Margin Debt Analysis
Below is a commentary that originally appeared at Treasure Chests for the benefit of subscribers on Tuesday, January 30th, 2007.
Why is gold rising? Answer: Because the Fed has no choice but to inflate or die. And according to Peter Schiff we are coming ever so close to a crisis in this regard, one that will level many portfolios of naïve investors. What's more, one should see no coincidence then in the fact John Hathaway, who manages the Tocqueville Gold Fund, thinks we are very close to a re-pricing of gold as well. Here is a clip from his recently published thoughts on the subject, as follows: "The next leg of the gold price will likely say more about the under pricing of risk than the traditional drivers of the metal such as inflation, deflation or geopolitical events. We believe that gold rising against economically sensitive commodities will signify that a general reappraisal of risk is underway." And of course we know gold is rising against the larger commodity complex from last week's commentary.
In terms of the messages provided above, I could not have written the words better myself, so I didn't even try. And as you know, I have been on this page for some time now, with my 'big picture' views most recently summarized in last week's commentary (attached above). Just to recap things for you briefly, and in borrowing a little help from Jesses for the purpose of rounding out more comprehensive big picture view that supports the hypothesis stock markets are also approaching a re-pricing point, one that is (also) commensurate with a growing appreciation of risk, we have the following:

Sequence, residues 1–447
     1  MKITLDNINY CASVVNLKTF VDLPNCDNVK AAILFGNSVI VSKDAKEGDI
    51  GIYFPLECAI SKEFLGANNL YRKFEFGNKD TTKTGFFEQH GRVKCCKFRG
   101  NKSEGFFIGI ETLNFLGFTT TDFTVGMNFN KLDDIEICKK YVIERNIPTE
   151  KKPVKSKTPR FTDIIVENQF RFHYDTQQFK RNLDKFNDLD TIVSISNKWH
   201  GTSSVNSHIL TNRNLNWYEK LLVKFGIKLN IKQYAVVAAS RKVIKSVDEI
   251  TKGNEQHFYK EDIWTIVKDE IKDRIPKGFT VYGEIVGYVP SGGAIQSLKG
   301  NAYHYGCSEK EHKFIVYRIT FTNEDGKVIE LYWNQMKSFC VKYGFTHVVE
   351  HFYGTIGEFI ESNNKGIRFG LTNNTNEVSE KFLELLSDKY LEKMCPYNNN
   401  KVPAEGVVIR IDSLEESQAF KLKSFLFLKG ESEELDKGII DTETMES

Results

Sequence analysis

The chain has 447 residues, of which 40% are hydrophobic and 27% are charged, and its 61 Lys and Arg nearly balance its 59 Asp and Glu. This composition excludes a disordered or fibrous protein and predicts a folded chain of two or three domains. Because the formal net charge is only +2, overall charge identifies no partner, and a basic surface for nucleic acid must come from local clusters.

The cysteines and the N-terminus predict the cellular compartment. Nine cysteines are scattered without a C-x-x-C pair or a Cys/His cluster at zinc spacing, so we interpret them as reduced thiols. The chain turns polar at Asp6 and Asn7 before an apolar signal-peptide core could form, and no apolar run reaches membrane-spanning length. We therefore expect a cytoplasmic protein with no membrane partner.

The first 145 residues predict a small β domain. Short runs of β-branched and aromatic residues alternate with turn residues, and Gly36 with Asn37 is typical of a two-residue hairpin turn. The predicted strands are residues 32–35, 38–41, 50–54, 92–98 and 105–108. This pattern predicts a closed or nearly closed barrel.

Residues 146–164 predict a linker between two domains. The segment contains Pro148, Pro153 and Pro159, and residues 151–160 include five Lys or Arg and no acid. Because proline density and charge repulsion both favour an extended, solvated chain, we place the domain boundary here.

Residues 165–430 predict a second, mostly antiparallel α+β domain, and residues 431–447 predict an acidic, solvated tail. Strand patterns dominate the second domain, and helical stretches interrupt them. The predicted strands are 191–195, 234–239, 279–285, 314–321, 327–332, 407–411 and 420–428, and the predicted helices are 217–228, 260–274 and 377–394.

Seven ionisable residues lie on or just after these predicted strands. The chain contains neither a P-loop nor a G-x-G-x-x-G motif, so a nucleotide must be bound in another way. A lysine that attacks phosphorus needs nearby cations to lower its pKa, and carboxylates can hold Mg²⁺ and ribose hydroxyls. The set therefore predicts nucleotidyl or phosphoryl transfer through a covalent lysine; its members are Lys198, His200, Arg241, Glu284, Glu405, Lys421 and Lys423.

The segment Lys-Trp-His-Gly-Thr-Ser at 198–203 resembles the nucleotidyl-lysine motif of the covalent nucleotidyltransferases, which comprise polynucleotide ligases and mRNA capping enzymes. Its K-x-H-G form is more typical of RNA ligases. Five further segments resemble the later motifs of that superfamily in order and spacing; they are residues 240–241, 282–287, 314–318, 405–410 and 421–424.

• While it's true option writers continue to see no reason to increase premiums on market risk insurance, at the same time, there are technical signals being thrown off by the CBOE Volatility Index (VIX) suggestive the alert should take notice.
• Not only compounding this risk, but also magnifying the inappropriate pricing of market risk insurance today is the fact consumers are tapped-out, where once our asset service based economy slips into a real slowdown, it's difficult to identify the mechanisms by which officials will be able to rekindle growth once again.
• Further to this, with bonds looking like they are in trouble in spite of assurances from key trading partners help is on the way, not too mention direct monetization efforts on the part of domestic authorities, one does have to wonder just how close we are to hitting the wall regarding misplaced risk management schemes.
Regarding this last point, and to highlight just how far out of touch stock and bond market insurance schemes have gotten today, this year it's estimated trade in options designed to mange risk in the various markets of the world will increase to a colossus approaching $2 - quadrillion in notional value assuming current growth rates are maintained. Furthermore, it should be noted this figure dwarfs actual market values of the securities, making counter-party risks high. Of course the vast majority of these options contracts will never be paid on, nor were they ever designed for this purpose. No, you see options are just another form of quasi-currency, one that the banking community uses to aid in managing markets, not to mention boosting their own life styles. You may remember this extensive study performed on the subject last year.